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Main features of Air Operated Double Diaphragm

Main features of Air Operated Double Diaphragm

Posted by AIW on Nov 15th 2021

Air Operated Double Diaphragm Transfer Pumps

AODD or air operated double diaphragm transfer pumps, have virtually no leaks. Between the wetted segments and the external climate, there are just fixed seals, thusly spillage can only occur if one or two diaphragms come up short. The diaphragm ought to be supplanted consistently as a component of an ordinary support program, as indicated by the producer's directions. Since the packed air supply adjusts pressure, diaphragm in an AODD siphon not exactly like those in a precisely determined diaphragm siphon. An AODD siphon can be run dry always because it has no inward seals or moving parts that require grease or cooling. AODD siphons are self-preparing, with some having a pull-lift of up to 8 meters.

AODD's can handle abrasive, viscous fluids, sludges, and slurries. They are also ideal for shear-sensitive fluids due to the gentle pumping action. A ball (or cone)/seat or flap design is used for the four internal check valves. Ball valves seal better and are less likely to wear than flap valves. Long-term use of hinged flap-type valves causes fatigue at the flexing point. Since the ball is allowed to turn and get comfortable in an alternate situation on the seat during an activity, ball valves wear all the more uniformly.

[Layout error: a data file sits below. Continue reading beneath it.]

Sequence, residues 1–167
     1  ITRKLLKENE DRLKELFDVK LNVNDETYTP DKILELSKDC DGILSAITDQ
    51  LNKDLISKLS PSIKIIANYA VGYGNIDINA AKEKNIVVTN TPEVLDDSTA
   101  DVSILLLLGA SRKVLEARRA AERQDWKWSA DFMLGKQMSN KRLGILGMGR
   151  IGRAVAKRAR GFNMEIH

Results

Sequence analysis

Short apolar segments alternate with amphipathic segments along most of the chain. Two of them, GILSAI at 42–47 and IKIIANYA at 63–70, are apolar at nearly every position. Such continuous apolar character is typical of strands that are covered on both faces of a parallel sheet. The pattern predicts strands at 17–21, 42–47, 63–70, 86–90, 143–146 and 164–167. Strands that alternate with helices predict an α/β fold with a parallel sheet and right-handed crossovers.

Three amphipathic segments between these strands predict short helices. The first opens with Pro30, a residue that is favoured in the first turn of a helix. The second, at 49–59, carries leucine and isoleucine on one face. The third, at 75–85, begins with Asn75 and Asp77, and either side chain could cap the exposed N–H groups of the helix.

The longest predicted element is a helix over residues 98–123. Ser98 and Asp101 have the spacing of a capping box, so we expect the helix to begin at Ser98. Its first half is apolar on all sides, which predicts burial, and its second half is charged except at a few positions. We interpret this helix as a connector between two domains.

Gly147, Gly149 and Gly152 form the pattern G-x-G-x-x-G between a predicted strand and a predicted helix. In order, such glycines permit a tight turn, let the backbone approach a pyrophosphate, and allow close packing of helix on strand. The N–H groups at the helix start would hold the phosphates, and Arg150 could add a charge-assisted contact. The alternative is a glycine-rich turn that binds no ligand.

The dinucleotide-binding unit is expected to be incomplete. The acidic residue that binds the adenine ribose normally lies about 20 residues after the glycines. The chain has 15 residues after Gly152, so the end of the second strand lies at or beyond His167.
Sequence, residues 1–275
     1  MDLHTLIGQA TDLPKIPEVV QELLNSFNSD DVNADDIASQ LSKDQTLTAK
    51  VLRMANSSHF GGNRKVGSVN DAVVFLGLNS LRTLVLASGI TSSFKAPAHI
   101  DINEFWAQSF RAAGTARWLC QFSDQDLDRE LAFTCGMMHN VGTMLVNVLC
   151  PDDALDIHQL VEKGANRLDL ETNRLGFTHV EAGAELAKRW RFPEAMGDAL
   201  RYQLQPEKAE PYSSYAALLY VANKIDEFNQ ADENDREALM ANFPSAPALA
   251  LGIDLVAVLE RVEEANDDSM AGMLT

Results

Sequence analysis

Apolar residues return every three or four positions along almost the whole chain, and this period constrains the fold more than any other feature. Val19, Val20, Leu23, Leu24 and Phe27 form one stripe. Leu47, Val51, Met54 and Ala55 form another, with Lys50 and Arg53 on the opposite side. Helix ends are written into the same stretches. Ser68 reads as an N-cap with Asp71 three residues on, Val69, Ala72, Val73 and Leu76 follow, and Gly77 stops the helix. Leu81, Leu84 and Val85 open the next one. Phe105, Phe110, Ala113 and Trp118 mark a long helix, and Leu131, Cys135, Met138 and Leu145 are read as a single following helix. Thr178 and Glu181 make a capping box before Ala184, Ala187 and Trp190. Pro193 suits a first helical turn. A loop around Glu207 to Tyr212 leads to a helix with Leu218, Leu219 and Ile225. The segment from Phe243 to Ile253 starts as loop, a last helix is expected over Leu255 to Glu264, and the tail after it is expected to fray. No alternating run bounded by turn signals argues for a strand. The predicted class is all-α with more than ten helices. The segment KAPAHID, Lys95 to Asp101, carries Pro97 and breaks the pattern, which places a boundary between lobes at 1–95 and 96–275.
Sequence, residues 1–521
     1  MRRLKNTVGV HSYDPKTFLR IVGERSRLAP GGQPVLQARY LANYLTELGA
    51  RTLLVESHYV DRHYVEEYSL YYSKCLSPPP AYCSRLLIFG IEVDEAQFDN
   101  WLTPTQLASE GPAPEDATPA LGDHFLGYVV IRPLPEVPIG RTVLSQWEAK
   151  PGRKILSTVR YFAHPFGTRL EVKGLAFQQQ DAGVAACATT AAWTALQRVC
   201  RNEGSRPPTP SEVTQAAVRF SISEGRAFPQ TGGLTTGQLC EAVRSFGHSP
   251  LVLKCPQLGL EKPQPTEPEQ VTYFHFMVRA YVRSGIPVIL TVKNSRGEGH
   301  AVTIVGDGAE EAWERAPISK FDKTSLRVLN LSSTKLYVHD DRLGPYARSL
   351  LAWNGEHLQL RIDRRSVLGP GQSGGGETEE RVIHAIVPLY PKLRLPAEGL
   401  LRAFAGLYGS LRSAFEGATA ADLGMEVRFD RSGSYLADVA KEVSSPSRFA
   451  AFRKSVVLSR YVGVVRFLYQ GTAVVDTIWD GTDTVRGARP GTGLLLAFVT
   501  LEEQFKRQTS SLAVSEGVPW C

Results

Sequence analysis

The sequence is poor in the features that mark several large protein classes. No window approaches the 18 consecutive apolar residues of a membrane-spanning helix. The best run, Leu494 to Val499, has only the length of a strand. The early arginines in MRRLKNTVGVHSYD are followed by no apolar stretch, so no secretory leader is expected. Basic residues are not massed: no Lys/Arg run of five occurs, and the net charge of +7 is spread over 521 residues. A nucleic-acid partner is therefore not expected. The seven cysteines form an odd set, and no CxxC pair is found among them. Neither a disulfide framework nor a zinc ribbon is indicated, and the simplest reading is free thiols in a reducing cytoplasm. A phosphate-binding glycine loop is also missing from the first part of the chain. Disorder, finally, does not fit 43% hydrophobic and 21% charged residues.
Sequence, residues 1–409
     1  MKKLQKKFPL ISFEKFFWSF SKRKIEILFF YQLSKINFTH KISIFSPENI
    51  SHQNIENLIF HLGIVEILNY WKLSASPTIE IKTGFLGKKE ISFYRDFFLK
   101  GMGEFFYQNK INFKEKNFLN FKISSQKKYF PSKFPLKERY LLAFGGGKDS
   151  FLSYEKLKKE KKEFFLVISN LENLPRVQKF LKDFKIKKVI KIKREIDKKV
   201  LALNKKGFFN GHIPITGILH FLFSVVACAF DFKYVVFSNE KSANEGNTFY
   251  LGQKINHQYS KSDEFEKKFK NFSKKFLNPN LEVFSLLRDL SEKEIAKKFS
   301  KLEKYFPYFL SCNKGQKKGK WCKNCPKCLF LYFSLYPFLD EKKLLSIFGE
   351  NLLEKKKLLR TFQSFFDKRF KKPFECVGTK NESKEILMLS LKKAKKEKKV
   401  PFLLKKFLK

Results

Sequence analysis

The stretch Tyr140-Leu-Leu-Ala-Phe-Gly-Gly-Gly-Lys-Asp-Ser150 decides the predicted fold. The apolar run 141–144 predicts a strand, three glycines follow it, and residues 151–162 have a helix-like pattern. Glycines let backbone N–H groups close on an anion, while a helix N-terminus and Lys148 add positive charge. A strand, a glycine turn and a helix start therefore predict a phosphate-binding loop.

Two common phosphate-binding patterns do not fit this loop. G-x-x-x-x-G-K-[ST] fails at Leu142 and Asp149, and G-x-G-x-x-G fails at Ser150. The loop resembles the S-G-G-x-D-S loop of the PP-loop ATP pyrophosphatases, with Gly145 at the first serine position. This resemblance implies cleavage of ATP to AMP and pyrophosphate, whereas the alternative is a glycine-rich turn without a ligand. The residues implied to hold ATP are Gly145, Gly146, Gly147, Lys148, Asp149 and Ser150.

Because compressed air rather than electricity is used to operate AODD pumps, they are suitable for usage in hazardous environments. As long as the air vent is above the liquid level, they can be securely submerged for the same reason.

A vacuum is formed in the pump's body when the diaphragms are pushed away from (or toward) the center section or air motor, and fluid flows into one of the liquid chambers through an inlet port. The fluid is ejected from the liquid chamber via an outlet port after the diaphragms are moved in the opposite direction back to their original positions, again using compressed air.